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Health Alert
Joe McMinamen
Friday, September 20, 2019

********Health Alert*************

 

There has been a confirmed case of Mono in one of our High School Students.  We have also had a couple of (+) Strep in both the Elementary and High School.

 

Mono

Infectious mononucleosis, also called “mono,” is a contagious disease. Epstein-Barr virus (EBV) is the most common cause of infectious mononucleosis, but other viruses can also cause this disease. It is common among teenagers and young adults, especially college students. At least one out of four teenagers and young adults who get infected with EBV will develop infectious mononucleosis.

Typical symptoms of infectious mononucleosis usually appear four to six weeks after you get infected with EBV. Symptoms may develop slowly and may not all occur at the same time.

These symptoms include:

  • extreme fatigue
  • fever
  • sore throat
  • head and body aches
  • swollen lymph nodes in the neck and armpits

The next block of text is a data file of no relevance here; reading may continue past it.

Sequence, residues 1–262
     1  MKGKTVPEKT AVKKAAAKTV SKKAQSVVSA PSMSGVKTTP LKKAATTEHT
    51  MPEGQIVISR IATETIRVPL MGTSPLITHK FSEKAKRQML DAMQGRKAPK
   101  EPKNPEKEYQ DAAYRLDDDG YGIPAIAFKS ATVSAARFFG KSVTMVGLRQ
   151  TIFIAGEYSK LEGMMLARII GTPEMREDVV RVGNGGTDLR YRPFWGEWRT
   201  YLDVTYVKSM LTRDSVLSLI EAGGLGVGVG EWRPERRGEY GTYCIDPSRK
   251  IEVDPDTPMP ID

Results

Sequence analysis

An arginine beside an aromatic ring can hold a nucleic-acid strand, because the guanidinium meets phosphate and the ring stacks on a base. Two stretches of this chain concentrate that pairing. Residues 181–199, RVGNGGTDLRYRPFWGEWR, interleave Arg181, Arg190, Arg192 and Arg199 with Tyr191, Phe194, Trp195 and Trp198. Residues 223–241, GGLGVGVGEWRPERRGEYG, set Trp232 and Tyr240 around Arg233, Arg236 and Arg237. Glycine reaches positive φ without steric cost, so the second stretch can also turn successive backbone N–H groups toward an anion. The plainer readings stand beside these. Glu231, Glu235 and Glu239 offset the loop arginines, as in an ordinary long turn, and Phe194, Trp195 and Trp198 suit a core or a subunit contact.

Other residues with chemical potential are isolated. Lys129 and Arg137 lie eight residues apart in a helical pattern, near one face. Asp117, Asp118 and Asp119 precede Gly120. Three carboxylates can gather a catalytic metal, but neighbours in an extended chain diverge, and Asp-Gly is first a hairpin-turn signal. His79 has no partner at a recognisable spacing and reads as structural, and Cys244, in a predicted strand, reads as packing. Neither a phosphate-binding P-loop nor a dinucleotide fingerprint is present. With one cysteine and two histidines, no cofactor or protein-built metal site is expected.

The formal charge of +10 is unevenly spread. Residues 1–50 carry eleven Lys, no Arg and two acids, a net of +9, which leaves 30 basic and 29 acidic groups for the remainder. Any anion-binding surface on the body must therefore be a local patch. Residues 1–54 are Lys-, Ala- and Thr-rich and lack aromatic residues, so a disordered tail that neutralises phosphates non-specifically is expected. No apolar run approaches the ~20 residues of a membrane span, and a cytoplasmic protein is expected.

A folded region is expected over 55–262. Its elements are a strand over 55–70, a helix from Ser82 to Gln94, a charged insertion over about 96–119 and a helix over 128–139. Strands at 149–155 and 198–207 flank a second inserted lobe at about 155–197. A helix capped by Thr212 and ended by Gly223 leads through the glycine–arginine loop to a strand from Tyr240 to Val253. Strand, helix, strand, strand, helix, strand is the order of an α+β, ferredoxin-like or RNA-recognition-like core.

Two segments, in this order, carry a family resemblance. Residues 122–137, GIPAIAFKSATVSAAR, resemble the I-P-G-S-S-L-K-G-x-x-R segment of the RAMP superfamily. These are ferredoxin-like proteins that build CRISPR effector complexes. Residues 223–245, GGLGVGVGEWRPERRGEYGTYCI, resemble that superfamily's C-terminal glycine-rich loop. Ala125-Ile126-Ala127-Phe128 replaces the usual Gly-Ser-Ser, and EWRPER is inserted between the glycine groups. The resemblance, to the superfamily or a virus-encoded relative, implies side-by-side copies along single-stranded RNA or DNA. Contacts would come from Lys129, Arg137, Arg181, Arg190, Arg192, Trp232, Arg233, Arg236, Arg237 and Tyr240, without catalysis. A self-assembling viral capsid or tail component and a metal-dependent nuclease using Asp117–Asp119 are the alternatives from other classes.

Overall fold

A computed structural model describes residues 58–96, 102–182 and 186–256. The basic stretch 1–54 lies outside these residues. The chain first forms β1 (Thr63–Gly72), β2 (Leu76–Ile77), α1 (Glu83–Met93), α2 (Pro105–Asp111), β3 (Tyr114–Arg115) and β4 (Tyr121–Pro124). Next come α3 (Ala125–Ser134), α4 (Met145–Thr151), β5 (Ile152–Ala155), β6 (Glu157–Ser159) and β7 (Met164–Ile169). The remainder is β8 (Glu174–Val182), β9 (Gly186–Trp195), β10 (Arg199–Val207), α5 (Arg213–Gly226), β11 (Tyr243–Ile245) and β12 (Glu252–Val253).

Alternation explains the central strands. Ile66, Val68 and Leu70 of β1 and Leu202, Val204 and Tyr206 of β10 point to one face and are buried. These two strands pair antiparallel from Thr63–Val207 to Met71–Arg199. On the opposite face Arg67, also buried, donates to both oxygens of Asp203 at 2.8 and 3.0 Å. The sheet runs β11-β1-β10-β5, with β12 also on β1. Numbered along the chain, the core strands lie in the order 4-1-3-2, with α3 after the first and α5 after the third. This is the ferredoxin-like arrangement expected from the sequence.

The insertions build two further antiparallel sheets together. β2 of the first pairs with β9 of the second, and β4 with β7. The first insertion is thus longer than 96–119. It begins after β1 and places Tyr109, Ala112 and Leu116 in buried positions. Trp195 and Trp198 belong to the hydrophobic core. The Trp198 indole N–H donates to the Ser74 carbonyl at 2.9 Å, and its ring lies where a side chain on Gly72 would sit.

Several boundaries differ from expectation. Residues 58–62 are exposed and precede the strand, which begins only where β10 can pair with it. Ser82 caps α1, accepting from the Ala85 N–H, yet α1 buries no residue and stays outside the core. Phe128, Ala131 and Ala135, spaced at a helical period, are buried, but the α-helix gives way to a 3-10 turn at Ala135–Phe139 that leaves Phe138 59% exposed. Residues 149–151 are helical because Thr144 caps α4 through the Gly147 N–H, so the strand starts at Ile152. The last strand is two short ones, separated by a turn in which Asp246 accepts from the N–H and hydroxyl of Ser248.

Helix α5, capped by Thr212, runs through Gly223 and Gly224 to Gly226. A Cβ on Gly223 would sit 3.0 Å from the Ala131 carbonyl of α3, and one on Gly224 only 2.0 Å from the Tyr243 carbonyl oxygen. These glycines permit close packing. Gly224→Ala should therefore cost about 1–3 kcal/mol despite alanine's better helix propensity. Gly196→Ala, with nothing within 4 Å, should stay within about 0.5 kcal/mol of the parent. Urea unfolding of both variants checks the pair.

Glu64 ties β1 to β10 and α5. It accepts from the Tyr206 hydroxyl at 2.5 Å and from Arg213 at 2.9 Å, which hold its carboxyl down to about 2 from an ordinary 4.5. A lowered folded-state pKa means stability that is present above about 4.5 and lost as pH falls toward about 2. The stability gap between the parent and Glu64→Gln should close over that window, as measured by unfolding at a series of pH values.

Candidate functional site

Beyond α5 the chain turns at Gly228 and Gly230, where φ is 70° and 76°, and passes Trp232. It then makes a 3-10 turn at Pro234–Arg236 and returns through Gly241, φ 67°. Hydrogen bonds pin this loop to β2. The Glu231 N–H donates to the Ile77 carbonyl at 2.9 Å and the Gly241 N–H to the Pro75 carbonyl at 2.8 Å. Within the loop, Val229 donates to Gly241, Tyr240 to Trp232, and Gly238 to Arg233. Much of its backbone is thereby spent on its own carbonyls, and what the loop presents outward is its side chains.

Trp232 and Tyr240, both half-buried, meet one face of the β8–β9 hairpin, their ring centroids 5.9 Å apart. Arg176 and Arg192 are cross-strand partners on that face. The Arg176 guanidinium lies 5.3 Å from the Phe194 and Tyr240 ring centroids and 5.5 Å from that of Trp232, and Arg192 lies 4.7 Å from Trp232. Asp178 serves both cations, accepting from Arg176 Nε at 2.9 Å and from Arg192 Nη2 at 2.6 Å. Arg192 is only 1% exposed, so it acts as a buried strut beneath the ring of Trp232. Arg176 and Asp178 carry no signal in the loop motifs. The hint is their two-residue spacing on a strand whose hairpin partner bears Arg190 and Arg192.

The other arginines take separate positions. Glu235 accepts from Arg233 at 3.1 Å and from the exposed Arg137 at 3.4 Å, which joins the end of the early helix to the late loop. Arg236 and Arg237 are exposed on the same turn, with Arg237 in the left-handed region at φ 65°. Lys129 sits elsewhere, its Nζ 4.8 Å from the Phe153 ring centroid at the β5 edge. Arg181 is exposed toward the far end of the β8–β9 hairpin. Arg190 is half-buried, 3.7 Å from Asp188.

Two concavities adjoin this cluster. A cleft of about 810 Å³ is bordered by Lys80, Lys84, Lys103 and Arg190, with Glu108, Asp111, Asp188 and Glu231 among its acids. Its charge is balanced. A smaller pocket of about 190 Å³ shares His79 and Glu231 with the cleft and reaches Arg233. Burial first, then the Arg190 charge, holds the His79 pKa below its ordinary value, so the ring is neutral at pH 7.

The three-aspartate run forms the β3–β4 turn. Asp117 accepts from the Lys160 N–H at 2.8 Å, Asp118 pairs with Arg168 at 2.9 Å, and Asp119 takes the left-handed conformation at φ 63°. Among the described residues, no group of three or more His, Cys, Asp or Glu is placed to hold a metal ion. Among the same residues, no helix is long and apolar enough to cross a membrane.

• swollen liver or spleen or both
  • rash

Typically, these viruses spread most commonly through bodily fluids, especially saliva. However, these viruses can also spread through blood and semen during sexual contact, blood transfusions, and organ transplantations. Good Handwashing is key to help stop the spread of germs including Mono.  No kissing, sharing utensils, lip gloss, drinks or any other items that you might share someone’s saliva. You can go back to school when your health care provider says it's okay. This is usually when you feel much better, which may take a few days to a few weeks. However, you'll probably still feel tired for a while.

To read more on this virus visit https://www.mayoclinic.org/diseases-conditions/mononucleosis/symptoms-causes/syc-20350328.             

Strep

 

Strep throat is a bacterial infection caused by group A Streptococcus or “group A strep.” In addition to a sore throat, symptoms can include pain when swallowing, a fever, red and swollen tonsils, tiny red spots on the roof of the mouth, or swollen lymph nodes in the front of the neck.

Group A strep bacteria spread through contact with droplets from an infected person’s cough or sneeze. If you touch your mouth, nose, or eyes after touching something that has these droplets on it, you may become ill.

People with strep throat should stay home from work, school, or daycare until they no longer have a fever and have taken antibiotics for at least 24 hours.